by Sam Manning
The 1950s was a period of decline for cinema as UK admissions fell from 1.4 billion in 1950 to under 500 million by the start of the 1960s. Cinemas were still important social spaces, but greater television ownership, improved housing conditions and new forms of youth culture are just some of the reasons for cinema’s more marginal existence in the nation’s leisure habits. Declining attendance naturally led to closures and many of the first cinemas to cease business were smaller local neighbourhood venues. While many people attended the cinema less frequently, greater amounts of disposable income meant that they were prepared to spend more on individual trips to larger, more luxurious cinemas. As a cinema historian, I’ve drawn on a range of sources—including oral history interviews, press reports and sociological studies—to uncover how different groups navigated and experienced these social and economic changes in British society. My research shows that cinema attendance and leisure habits altered significantly throughout the life cycle as female cinema-goers moved from childhood to adolescence and into adulthood.
Many early memories of cinema-going were linked to a small geographical area and show that children were often confined to the range of cinema-going options available in their local neighbourhoods. These memories often display links to parental supervision and are associated with family and domestic life. For instance, Ann Gorman recalled that cinemas were a convenient space for young mothers to take children and that women often took along babies in their shawls. As children got slightly older, they often attended Saturday children’s matinees at their local cinema. For many young girls, trips to children’s matinees represented their first cinema trips away from parental supervision and this led to different types of behaviour. Many female interviewees recall being at the mercy of misbehaving young boys who fired spud guns and dripped ice creams onto their heads from the cinema balcony. As children moved into adolescence, press reports often linked the cinema to poor academic performance and school truancy. In 1953, for instance, a ‘worried mother’ wrote to the Sheffield Star to complain that her daughter was doing poorly at school and thought only of the cinema. Columnist Christine Veasey advised her not to ban her child from the cinema as ‘this might lead to greater temptation on her part’.
As young women made the transition from school to work, they often began to attend the larger, grander and more expensive city centre cinemas. Sociologist M.P. Carter noted that young females especially preferred these cinemas as ‘they had been given the taste by boyfriends who escorted them there, and it was in any case more of an occasion to dress up and parade in town instead of just slipping round the corner’. These venues were often recalled as convenient sites for courtship, providing a space free from prying eyes and parental authority. Social convention dictated that the male would pay for his partner’s cinema ticket. Diana Goodall recalled that ‘if a boy had asked me out he would pay obviously’. But many women also recalled that males tried to evade this responsibility. Ann Slater, for instance, remembered that ‘if you had a date with a lad, they used to say they’d meet you inside so they didn’t have to pay for you to go’.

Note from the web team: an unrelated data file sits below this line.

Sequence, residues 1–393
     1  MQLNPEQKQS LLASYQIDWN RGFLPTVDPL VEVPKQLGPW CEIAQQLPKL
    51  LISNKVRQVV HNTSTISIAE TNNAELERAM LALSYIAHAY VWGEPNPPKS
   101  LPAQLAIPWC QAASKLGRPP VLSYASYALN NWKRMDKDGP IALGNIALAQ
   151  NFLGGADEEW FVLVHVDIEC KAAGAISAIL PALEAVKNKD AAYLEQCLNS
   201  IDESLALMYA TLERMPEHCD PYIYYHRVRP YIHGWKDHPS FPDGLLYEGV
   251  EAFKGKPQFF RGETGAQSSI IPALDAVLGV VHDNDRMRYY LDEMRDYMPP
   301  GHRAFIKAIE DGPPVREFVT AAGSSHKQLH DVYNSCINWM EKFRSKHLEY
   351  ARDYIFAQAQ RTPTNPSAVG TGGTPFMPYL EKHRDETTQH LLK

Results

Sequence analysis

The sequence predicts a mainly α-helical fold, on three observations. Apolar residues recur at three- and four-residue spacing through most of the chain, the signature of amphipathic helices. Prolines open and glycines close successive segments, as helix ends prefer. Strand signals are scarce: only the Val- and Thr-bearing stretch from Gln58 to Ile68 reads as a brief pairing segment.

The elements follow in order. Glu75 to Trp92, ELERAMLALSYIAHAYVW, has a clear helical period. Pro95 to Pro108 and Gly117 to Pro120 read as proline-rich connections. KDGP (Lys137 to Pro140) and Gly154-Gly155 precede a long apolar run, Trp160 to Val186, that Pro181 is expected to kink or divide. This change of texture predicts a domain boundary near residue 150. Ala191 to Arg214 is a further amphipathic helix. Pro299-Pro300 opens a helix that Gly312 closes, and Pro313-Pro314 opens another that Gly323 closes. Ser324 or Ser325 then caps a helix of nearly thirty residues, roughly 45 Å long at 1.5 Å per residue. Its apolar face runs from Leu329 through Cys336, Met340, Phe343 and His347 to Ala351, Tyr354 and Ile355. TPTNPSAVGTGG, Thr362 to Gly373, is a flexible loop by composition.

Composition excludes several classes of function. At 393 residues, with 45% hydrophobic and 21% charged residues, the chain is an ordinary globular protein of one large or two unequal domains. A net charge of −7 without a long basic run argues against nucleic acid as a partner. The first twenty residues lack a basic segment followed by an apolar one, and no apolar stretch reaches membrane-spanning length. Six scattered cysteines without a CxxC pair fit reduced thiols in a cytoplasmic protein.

The transition to adulthood often brought new domestic responsibilities which impacted on cinema-going habits. Mothers, for instance, often found it difficult to attend evening screenings. Sylvia Fearn confirmed this, stating that at her local cinema the early screenings were frequented by ‘young mothers who wanted to get back to put the kids to bed’. The closure of many local neighbourhood venues in the 1950s also limited parent’s ability to attend the cinema. The extra time and money required to travel to and from city centre venues made it difficult for many women to arrange appropriate childcare. Many other women who moved to new housing estates found that there were no local cinemas and increasingly spent their disposable income on household goods, such as television sets.
The place of cinemas and the importance of cinema-going in British society changed dramatically during the 1950s. The ways that women navigated these changes depended not only on their class or geographical location, but on their age and stage of the life cycle. The 1960s witnessed further changes as cinema attendances declined further and new leisure opportunities emerged for women.
Jackie Stacey, Star Gazing: Female Spectators and Hollywood Cinema (1994)
About the Author:
My most recent position was as a postdoctoral researcher on the AHRC-funded European Cinema Audiences project. I was previously an AHRC research fellow at Queen’s University Belfast, where I researched the fifty-year history of Queen’s Film Theatre, Belfast. I have published articles in journals such as Cultural and Social History and Media History, and my first book, titled ‘Cinemas and Cinema-Going in the United Kingdom: Decades of Decline, 1945–65’, was published last year. You can follow me on Twitter @sammanning88